The Chronicle of Higher Education is off this week. Those academics, always slacking off in the summer.
Patrick Berry’s New York Times crossword
Have we ever seen stacked 15s from Patrick Berry before? I’m not sure we have. These particular 15s are pretty darned good:
- 16a. [His death prompted Georges Pompidou to say "France is a widow"], CHARLES DE GAULLE.
- 19a. [Show stopper], COMMERCIAL BREAK.
- 45a. [Words after "Oh well"], YOU CAN’T WIN ‘EM ALL. I would have cried if this were ONE CAN’T WIN ‘EM ALL.
- 48a. [Loaded roll], EVERYTHING BAGEL. As 1d says, YECCH. I like a plainer bagel. No onions. No salt chunks. No seeds.
Elsewhere in this 68-worder, I’m partial to VENEZUELA, CALAMARI as crossword fill (YECCH as food), “WHAT’S THAT?,” NORMA RAE, and the SACRED GANGES.
When LENIN in is the puzzle, it’s odd to see “Red Terror” in another clue. PHAR LAP was the [Celebrated racehorse nicknamed "The Red Terror"], whereas LENIN is merely presented as [Survivor of two 1918 assassination attempts]. He would have liked the nickname, no?
I’m not finding much in this puzzle I’m compelled to remark on, for good or ill. It’s just sort of there, without any “Wow!” or “Ugh” moments. 3.75 stars.
Patrick Blindauer’s CrosSynergy/Washington Post crossword, “Department of Ed” – Dave Sullivan’s review
Some might say that constructor Patrick Blindauer lives in the past after solving today’s CrosSynergy puzzle, and I’d say they were right. He adds the suffix -ed to four common phrases:
- [Cut back a trio of something?] clues PARED THREE – “par three” holes are your shortest ones on professional golf courses.
- [Afraid of combat?] is BATTLE SCARED – hmmm, the more common phrase here I think is “battle-scarred” (already in the past tense), but I suppose you can have a “battle scar” as well.
- [Prerecorded some ballerinas?] clues TAPED DANCERS – ballerinas require a lot of tape on their feet to be en pointe so much.
- [Like a ghostly-looking superhero?] clues WHITE CAPED – a “white cap” is a strong ocean wave with foam on the top. Speaking of superheros, does the new Superman: Man of Steel come out today? I was a big fan of Henry Cavill from his role as Henry VIII’s confidante Charles Brandon on The Tudors, starring Jonathan Rhys Myers.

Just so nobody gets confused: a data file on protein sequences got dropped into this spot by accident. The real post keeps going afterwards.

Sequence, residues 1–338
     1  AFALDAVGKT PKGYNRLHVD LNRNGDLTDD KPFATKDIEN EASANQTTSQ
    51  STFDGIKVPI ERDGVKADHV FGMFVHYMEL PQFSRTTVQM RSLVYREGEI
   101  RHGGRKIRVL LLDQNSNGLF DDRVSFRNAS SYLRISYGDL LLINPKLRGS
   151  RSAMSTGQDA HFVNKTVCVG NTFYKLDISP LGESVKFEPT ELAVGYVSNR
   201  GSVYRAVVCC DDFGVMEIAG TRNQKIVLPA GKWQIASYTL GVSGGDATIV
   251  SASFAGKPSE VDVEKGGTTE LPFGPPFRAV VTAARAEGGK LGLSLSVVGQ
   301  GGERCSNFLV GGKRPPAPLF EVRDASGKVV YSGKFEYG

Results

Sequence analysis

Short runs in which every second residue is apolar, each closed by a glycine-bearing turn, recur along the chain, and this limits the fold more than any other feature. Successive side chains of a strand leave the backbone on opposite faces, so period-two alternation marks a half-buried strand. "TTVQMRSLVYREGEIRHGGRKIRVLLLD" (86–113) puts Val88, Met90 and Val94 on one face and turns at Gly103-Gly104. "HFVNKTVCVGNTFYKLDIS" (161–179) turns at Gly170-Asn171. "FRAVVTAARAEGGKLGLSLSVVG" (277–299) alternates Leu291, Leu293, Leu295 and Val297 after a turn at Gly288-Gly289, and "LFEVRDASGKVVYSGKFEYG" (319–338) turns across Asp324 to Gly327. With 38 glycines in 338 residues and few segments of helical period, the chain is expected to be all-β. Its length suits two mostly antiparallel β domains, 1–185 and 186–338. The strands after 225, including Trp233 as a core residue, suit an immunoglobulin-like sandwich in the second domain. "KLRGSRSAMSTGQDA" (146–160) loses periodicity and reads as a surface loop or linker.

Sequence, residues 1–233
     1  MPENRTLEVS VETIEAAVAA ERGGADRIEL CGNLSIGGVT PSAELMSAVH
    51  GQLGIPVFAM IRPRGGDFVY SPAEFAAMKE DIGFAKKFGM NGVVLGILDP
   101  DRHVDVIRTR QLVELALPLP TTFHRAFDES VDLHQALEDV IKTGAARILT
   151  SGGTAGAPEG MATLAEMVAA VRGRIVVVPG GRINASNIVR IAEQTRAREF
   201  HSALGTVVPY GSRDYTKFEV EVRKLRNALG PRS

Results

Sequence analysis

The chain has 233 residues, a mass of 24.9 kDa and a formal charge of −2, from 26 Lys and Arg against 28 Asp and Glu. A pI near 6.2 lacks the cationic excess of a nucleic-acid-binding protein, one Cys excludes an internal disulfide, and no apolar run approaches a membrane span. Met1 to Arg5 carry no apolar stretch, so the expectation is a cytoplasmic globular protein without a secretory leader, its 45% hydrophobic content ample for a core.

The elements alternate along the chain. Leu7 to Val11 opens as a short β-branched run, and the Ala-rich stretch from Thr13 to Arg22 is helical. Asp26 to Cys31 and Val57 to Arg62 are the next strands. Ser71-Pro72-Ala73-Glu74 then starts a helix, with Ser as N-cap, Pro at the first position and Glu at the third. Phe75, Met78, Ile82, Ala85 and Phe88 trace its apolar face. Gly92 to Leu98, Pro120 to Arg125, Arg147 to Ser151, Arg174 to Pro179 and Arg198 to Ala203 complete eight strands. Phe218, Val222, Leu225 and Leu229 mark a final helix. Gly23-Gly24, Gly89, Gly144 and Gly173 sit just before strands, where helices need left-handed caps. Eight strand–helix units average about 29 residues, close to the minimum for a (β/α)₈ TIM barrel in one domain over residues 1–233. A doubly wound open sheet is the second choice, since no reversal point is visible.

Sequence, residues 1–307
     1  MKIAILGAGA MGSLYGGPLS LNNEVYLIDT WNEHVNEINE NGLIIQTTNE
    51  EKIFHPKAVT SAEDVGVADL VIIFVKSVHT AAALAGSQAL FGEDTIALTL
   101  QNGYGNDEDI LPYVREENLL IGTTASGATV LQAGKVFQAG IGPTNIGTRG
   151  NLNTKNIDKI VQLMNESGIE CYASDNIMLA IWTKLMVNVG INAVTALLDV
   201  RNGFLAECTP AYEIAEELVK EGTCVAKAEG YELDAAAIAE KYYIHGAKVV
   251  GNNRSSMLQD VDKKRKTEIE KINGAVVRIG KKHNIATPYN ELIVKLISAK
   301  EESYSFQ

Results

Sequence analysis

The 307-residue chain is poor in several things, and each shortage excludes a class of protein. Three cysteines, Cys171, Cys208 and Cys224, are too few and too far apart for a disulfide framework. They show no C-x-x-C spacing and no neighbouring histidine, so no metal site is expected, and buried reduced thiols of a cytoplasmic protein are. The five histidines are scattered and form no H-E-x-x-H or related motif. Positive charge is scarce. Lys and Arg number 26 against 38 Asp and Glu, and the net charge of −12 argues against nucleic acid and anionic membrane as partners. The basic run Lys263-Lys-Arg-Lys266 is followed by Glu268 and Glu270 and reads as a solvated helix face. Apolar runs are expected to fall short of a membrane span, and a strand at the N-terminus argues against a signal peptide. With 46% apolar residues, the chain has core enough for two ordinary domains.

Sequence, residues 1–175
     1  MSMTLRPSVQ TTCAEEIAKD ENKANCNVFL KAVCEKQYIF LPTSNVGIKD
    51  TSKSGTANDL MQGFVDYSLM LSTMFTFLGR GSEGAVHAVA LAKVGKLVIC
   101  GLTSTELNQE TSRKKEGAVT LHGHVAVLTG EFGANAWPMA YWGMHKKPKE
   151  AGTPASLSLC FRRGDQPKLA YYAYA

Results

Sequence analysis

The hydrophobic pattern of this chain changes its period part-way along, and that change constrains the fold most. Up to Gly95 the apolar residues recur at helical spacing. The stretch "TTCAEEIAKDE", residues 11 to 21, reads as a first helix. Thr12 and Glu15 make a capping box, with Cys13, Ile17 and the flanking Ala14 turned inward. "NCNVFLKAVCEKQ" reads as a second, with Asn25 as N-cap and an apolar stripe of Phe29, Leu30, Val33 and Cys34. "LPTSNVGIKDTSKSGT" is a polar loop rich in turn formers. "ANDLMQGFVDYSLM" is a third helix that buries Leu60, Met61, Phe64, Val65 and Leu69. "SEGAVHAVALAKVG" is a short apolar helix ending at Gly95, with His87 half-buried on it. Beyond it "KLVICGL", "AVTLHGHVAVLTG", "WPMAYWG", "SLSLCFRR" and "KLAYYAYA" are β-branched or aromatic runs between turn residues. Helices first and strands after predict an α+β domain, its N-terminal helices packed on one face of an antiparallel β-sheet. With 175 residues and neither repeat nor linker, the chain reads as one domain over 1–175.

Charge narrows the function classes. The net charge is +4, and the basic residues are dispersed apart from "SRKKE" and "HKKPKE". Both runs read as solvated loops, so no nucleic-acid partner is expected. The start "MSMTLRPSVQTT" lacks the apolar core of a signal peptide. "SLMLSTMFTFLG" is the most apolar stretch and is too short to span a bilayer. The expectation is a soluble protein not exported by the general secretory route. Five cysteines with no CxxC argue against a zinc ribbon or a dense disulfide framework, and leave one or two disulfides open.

Cute theme, consistently applied. And, as typical for this member of the pantheon of crossword constructors, the fill has lots of interesting entries as well, including the Newhart actor TOM POSTON, the Jewish and consonant-rich SHTETLS and my FAVE [Starting place for many puzzlers], which was ONE ACROSS. (I tried to start there, but didn’t see HEFT for [Weight] until I got some of the crossing entries. I also enjoyed the clue [Hitch, slip, and granny] which are all types of KNOTS. I was less happy to see the partial ABOO (as in ["Peek-___, I see you!"]. That’s one I’d rather stayed hidden.
Marti DuGuay-Carpenter’s Los Angeles Times crossword
Marti DuGuay-Carpenter is our regular Friday MESSIAH delivering us from the blahs with clever wordplay. Today, she offers us a homophone theme, where a silent “B” is added to familiar phrases. We have:
- 18a, [Like a door with three people squeezing through it together?], JAMBPACKED. Cute visual!
- 33a, [Where to find wool?], ONTHELAMB
- 45a, [Out-of-control carpenter's tool?], WILDPLUMB. Of all the carpenter’s tools, the PLUMB is probably the least scary if it were to go out of control…
- 63a, [Title for Shakespeare?], IAMBLEGEND. Martis saved the best for last! How brilliant is that answer!?
What else do we have? Well, first off, did anyone else titter at 1a, [Go like heck]? Such a minced crossword clue! Hmm, I think should start listing…
- 10a, [Lose on purpose], DIET. Without a “?” this was a tough clue! Clever too!